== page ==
When sequestration hit, some low-income people who had finally just emerged from sometimes years-long waiting lists for Section 8 housing vouchers to help them afford rent had them rescinded, and after that many agencies stopped handing out new vouchers when families left the rolls. That meant by the end of last year, about 65,000 fewer people were getting vouchers compared to the year before. “These reductions have deepened in the first half of this year,” Douglas Rice, senior policy analyst at the Center on Budget and Policy Priorities, said. By March the figure had risen to 90,000 people. Today, just one in four eligible households gets rental assistance, while a record number of families can’t afford their rents and prices climb.

“As far as we can tell, the effect of sequestration cuts on rental assistance is still pretty severe,” he said. While agencies got money this year that should allow them to stop reducing the voucher rolls, it’s only about enough to restore half of them in the second half of the year. “We’d still be down 50 or 60 thousand units at the end of this year,” he said. And that’s assuming agencies “act very aggressively to use that money to issue vouchers and increase the number of families they’re assisting,” he added.

The current budget climate is making many agencies feel nervous about expending any funds. “I think a lot of them have really cold feet about this because they spent all their funding reserves last year,” he said. “There’s a lot of uncertainty about the budget for next year. So some of them are just sitting on their hands right now and waiting to see what happens with the 2015 budget before they start reissuing some vouchers.”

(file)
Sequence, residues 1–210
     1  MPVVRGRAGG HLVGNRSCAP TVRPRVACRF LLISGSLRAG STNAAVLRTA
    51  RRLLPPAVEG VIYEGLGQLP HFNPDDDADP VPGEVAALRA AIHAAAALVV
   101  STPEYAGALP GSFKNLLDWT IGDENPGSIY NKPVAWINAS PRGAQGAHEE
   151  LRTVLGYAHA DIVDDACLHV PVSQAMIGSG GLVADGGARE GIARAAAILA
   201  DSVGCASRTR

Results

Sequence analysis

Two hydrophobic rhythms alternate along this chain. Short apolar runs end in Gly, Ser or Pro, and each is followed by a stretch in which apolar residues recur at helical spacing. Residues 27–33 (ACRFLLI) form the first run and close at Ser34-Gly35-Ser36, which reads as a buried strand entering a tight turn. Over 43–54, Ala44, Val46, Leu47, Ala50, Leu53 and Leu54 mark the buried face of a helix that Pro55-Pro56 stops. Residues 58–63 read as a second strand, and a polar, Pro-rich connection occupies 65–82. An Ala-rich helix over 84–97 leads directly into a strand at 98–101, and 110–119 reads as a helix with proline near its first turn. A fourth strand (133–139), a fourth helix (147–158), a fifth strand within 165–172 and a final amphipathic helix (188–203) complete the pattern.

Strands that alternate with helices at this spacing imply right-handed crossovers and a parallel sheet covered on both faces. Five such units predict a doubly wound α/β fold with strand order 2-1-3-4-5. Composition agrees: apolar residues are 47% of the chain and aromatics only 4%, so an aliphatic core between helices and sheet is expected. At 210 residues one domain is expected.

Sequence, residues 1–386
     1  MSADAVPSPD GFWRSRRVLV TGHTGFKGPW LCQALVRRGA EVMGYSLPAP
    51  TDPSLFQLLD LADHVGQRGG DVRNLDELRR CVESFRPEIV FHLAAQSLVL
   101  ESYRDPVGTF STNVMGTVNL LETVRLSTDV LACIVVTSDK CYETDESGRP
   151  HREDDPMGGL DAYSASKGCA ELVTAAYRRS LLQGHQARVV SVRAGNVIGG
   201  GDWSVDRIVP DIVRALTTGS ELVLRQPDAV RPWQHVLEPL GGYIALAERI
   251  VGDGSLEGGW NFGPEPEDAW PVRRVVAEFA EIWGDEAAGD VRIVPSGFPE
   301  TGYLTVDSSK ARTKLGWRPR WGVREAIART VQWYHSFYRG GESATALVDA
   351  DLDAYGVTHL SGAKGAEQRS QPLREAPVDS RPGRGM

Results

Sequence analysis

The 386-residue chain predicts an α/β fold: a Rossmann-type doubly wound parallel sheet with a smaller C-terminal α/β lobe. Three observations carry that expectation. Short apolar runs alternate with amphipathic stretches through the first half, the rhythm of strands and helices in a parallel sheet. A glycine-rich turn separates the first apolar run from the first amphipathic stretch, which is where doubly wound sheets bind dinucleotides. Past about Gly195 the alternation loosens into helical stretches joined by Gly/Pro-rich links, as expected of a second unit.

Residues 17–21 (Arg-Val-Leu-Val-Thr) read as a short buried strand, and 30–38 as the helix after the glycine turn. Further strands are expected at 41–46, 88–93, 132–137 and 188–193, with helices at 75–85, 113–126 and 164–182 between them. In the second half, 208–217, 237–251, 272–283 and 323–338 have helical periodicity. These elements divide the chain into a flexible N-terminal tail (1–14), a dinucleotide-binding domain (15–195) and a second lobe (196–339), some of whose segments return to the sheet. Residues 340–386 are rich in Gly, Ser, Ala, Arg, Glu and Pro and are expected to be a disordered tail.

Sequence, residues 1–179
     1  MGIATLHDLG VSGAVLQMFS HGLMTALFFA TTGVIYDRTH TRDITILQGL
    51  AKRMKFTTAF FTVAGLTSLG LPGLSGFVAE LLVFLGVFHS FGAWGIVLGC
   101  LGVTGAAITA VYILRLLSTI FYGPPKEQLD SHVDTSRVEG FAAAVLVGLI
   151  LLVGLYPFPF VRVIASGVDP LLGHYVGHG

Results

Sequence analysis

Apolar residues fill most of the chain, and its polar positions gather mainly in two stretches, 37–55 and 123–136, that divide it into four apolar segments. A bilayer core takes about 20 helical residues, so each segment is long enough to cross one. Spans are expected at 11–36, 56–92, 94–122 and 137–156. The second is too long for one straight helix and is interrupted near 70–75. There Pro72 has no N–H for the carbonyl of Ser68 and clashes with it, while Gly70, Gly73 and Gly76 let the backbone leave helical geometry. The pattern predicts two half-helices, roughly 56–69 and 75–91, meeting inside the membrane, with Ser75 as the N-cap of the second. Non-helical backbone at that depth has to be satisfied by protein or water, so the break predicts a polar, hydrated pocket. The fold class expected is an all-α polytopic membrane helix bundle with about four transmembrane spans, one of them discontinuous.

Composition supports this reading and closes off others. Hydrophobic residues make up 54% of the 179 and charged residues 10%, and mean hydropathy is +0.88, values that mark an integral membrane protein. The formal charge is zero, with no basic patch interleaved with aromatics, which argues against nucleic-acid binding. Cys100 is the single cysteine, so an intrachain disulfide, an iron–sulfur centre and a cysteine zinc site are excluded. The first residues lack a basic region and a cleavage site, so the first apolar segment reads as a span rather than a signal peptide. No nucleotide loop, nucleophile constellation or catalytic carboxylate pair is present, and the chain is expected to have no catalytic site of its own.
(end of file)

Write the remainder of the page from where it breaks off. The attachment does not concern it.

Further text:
People living in public housing units have also suffered. Agencies have been getting less than half of what they need to make repairs and keep them inhabitable, so we’ve lost about 10,000 to 15,000 units every year for the last 15 years, Rice said. Sequestration reduced those funds even more and “put housing agencies into a much deeper hole in the short-term, which is making it more difficult to maintain their properties,” he explained. If there isn’t additional funding, the number of units lost each year will soon accelerate.

Safeguards for public health

Last year, Americans were at a higher risk of foodborne illnesses, mentally ill people’s health services were jeopardized, and fewer Americans were screened for HIV. This year, most public health agencies had their funding restored in the year-end bill, according to Emily Holubowich of NDD United, an organization that advocates for non-defense discretionary programs, including the Centers for Disease Control and Prevention (CDC), the Federal Drug Administration, the Substance Abuse and Mental Health Services Administration, and the Indian Health Service.

But the restored funding doesn’t ensure that all of these vital programs were spared. “When you get down to the programs and centers and individual institutes, even down to the grant and contract level, the stories are very different,” she said. “The increase isn’t applied uniformly. Some programs were still eliminated.”

Take domestic violence prevention, which gets some of its money through health agencies like the CDC. CDC funding for rape prevention and education is still below pre-sequestration levels, as is funding from the Violence Against Women Act for domestic violence victims’ legal assistance and transitional housing. The rest of the programs that domestic violence services organizations rely on were restored.